Healthcare decision-makers are exploring more responsive, innovative processes in the wake of the COVID-19 pandemic, including a ‘living’ approach to health technology assessment (HTA).1 Even before the pandemic, the use of real-world data (RWD) and the advent of mobile and digital health technologies were transforming HTA decision making.2
These developments coincided with a broad recognition that keeping pace with rapid publication of new evidence and variation/inefficiencies in review can lead to HTA decisions based on out-of-date evidence.3 These challenges hinder timely patient access to promising, innovative health technologies when decision-makers are asked to accept higher uncertainty in the evidence base, especially in populations with substantial unmet need.4 More reactive and flexible ‘living’ approaches to HTA should be explored.
This commentary outlines challenges of current, ‘static’ HTA approaches, offers solutions provided by a ‘living’ HTA approach, and considers implementation of this method.
Are current HTA approaches optimal to address ongoing evidence generation?
HTA processes have remained largely unchanged, but innovative study designs (eg, pragmatic and adaptive clinical trials, single-arm trials) are transforming evidence generation, while regulatory decisions are increasingly being based on surrogate endpoints rather than primary outcomes.5 This introduces uncertainties which require supplemental data to validate additional assumptions in the analyses.6 7
Recently, managed entry arrangements were developed to regulate reimbursement of new technologies with promising but uncertain benefits. For example, coverage with evidence development (CED) schemas grant patients temporary access to novel treatments while additional evidence is systematically collected.8 Decision making based on CED, however, largely ignores a technology’s ‘lifecycle’ in the context of evolving evidence. A 2019 review of CED decisions in Netherlands highlighted how systematically identifying uncertainty can guide the feasibility of follow-up evidence generation.9 A 2022 review of economic models from National Institute for Health and Care Excellence (NICE) technology appraisals in England showed how uncertainty caused by unsupported predictors, use of surrogate outcomes and lack of a model’s transparency can be overcome by regular technology reassessment.10 In Sweden, evidence generated from the CED for a novel treatment for advanced Parkinson’s disease was unconvincing during HTA reassessment, causing it to be withdrawn from clinical practice; reimbursement was reinstated after a re-evaluation of follow-up data.11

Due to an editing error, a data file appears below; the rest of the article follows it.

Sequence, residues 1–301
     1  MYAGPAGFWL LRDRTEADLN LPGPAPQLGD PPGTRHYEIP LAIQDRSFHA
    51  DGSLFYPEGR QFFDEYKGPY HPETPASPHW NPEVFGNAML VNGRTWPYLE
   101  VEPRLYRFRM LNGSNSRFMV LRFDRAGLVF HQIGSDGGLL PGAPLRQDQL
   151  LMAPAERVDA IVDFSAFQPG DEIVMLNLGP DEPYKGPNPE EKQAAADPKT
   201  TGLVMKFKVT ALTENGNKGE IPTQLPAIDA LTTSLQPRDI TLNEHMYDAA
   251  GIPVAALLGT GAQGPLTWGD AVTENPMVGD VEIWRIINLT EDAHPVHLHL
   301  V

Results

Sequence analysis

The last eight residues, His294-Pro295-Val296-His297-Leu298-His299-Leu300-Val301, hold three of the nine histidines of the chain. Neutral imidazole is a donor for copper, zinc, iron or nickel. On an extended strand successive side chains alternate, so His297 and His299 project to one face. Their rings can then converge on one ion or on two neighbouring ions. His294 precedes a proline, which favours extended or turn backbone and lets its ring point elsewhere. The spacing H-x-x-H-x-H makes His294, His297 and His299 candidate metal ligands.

The lack of periodic re-evaluation of technologies unnecessarily strains overburdened healthcare systems which miss opportunities to disinvest in technologies that do not maintain their value or reconsider the value of approved technologies in light of new evidence.
Is ‘living’ HTA a viable solution to accommodate continual evidence generation, assessment and decision making?
Living HTA is a real-time, dynamic approach that uses explicit methods to determine the value of a health technology at different points in its lifecycle from the point of use (market access) through continued evidence generation12 (figure 1). This can resolve some common uncertainties and evidence gaps seen in initial HTA submissions (especially close to product launch) related to the target population, disease, costs or the new therapy (eg, adding subgroups, real-world effectiveness and safety, validating surrogate outcomes, survival extrapolations and economic data). New safety evidence can also inform updated decision making. Living systematic reviews (LSR) which combine contemporaneity and rigour to enhance the data accuracy and utility for decision making are now widely accepted as an alternative to traditional single, static reviews13 and living, adaptable whole-disease pathway economic models can inform pricing renegotiations.1